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Seeing is Believing

January 25, 2016 • Laurie Newbound

FullSizeRender     I had perfect eye sight until I was around 41 and needed reading glasses. Around ten years later, seemingly out of the blue, I emerged from a plane flight and looked up at a monitor in the airport and realized it was blurry. So as my reading vision got worse, my distance vision (Short sighted? Near sighted? I get them confused) was also getting worse, but not as quickly. About five years ago I was able to make the transition to contacts for distance, but had to put on readers over the contacts to read, and then needed separate distance and reading glasses when I wasn’t wearing my contacts.   Also prescription sunglasses as well as my regular ones.  Still, if I saw well while driving it meant the details of my dash board were blurry. A light would come on and I would have to pull over and fish out my reading glasses to know what was going on.  I became one of those people with glasses all over the house but much of the time I didn’t have the right ones for the task at hand, frustrating family members as well as myself when glancing at a picture on someone’s phone became a epic search for the right glasses. Even reading labels in the grocery store was an ordeal of taking off and on glasses, not to mention finding them in my purse in the first place. I tried “progressives” which are a kind of seamless version of bi-focals, as well as wearing different strength contacts in each eye. Both of these “solutions” just made me feel optically schizophrenic. I felt vaguely but unpleasantly high all the time.

Years ago, at the tender age of 42, I started working with a personal trainer who was fifteen years older than me. He said something about aging which has always stayed with me. “I don’t care that much about how I look as I get older, but I do want to be able to move.” He pointed out that if someone walks with a stoop or has trouble getting out of a chair it doesn’t matter how smooth their face is or how youthfully slim they look in jeans—they seem old. That was the moment when I started thinking about how old I wanted to feel, as much, or more, than look. Turns out that saying was right — YOU’RE ONLY AS OLD AS YOU FEEL.

And my eyes were making me feel old several times a day, not because of the crows feet surrounding them, but because of all the accommodations I had to make just to see reasonably well.  But that all changed late last year. My eye doctor told me about a new kind of contact that was coming out, a “multi focal” that reportedly didn’t make users feel like they were swimming under water. She urged me to try them, which I have. Three cheers for medical progress. If you have similar vision issues, GET THESE NOW. I don’t usually recommend specific products, but I will make an exception here. Multifocal Daily Moist 1-Day Acuvue. They are only slightly more expensive than regular contacts and in the long run the money I will save on glasses will more than make up the difference. It has taken a little while for my brain to adjust, mostly to the distance part, and every morning there are a few minutes before things sort of settle and I can see everything clearly.   However, once I get past that point it’s, well, a miracle. I have my old (or I guess young) eyes back. It’s life changing in a small but significant way.   I can clearly see the board at my local coffee place, take a seat with my latte, glance down and READ the first page of an errant New York Times lying at another table, and then pull out my laptop and work. All without touching a pair of glasses. This makes me, in case you hadn’t figured it out, very happy. And when you’re happy you feel younger. Or maybe when you feel younger it makes you happy? I don’t know and I don’t care. All I know is that I feel positively….thirty eight. And I’ll take it.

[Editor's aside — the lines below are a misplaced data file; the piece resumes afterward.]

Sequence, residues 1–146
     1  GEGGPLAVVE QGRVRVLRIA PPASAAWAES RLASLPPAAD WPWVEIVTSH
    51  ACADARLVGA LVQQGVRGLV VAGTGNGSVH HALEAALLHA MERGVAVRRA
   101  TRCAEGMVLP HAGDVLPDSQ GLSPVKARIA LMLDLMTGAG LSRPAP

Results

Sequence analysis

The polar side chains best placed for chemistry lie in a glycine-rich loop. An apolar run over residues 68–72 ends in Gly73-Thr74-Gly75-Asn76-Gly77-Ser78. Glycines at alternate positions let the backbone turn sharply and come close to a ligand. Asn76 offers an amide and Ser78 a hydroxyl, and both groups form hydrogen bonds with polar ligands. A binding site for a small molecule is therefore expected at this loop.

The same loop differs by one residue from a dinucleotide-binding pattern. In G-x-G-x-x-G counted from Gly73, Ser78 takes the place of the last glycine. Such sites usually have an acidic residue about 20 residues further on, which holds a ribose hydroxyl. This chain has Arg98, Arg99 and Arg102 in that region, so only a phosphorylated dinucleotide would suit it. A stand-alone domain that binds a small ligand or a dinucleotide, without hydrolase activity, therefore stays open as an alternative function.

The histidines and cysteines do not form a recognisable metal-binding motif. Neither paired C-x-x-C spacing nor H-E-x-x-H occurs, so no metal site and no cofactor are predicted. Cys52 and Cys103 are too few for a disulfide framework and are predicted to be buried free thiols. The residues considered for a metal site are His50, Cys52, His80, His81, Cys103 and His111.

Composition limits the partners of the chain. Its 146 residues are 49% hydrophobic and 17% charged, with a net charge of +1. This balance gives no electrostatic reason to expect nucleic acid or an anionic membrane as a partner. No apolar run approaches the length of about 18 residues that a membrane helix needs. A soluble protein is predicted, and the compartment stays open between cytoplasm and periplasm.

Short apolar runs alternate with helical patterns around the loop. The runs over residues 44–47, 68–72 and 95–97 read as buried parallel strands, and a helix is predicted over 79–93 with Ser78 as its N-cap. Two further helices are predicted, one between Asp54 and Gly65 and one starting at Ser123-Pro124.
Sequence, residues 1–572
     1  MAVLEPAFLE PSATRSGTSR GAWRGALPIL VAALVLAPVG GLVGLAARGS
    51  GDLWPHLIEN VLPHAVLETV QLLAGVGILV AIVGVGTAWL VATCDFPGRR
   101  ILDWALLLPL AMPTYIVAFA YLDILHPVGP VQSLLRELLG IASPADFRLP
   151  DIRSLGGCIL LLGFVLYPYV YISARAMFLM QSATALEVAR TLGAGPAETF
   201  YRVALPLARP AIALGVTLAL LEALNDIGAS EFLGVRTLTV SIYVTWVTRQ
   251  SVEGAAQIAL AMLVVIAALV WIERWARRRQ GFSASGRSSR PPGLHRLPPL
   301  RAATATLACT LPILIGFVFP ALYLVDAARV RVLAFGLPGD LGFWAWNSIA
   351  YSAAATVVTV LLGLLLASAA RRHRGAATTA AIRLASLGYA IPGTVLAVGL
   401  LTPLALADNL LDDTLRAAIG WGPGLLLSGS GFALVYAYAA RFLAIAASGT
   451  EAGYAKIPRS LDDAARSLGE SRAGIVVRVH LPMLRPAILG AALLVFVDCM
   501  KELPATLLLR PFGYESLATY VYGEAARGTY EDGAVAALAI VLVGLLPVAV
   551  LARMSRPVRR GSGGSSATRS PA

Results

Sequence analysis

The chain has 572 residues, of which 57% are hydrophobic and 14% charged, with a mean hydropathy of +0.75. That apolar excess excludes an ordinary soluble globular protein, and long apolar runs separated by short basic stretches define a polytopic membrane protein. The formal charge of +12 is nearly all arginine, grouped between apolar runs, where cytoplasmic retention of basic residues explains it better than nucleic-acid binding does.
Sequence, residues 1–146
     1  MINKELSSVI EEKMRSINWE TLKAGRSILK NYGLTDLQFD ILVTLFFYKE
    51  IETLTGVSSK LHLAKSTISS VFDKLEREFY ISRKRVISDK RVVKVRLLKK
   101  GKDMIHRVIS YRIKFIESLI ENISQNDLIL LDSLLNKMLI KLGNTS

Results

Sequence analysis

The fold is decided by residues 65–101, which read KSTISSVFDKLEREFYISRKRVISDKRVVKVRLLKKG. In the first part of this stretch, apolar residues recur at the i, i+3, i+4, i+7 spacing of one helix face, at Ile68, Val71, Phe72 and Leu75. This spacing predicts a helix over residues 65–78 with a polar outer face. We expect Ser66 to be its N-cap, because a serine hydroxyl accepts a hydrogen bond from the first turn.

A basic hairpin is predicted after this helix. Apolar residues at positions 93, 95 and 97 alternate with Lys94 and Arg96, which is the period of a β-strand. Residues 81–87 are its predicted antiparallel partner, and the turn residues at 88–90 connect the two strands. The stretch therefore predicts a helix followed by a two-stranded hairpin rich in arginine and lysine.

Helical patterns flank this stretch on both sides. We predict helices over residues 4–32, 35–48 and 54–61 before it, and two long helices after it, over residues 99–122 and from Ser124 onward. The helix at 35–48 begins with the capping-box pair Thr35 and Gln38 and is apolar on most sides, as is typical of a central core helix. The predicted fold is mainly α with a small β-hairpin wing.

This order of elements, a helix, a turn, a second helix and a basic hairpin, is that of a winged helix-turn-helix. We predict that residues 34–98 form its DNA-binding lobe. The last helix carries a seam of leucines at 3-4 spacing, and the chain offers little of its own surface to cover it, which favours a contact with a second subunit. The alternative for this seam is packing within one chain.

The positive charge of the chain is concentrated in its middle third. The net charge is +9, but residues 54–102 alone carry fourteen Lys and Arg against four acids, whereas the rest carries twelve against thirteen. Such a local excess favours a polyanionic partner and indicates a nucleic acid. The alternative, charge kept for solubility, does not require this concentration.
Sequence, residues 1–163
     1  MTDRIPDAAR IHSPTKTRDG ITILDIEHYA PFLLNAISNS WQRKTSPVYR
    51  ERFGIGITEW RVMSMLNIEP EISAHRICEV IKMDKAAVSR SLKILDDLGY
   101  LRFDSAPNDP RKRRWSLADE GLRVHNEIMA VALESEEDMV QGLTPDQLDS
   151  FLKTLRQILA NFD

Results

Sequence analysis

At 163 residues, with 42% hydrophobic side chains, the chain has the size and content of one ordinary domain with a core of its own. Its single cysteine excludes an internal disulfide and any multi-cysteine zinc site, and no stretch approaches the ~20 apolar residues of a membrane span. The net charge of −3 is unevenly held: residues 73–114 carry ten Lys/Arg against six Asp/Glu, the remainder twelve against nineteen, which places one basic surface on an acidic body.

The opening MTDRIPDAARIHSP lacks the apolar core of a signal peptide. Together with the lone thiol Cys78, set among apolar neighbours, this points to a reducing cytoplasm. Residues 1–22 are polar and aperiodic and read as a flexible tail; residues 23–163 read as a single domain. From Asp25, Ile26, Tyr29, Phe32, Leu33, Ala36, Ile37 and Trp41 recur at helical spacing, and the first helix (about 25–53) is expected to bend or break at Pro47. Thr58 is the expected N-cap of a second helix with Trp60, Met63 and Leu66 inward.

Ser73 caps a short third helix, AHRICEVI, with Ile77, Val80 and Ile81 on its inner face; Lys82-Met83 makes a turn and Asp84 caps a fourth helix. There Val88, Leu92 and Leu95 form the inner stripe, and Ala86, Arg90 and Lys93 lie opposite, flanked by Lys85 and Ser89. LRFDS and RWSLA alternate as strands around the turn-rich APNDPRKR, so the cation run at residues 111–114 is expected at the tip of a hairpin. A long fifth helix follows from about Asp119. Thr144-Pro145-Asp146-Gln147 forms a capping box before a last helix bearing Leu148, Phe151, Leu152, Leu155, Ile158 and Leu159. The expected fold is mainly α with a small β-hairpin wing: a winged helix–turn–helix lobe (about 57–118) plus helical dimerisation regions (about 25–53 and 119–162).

2 thoughts on “Seeing is Believing

  1. Nanci Christopher says:

    Fun piece Laurie! xoxo

  2. I am emailing this webpage post page to all my contacts, if I like
    to read it I am hoping that my friends will too.

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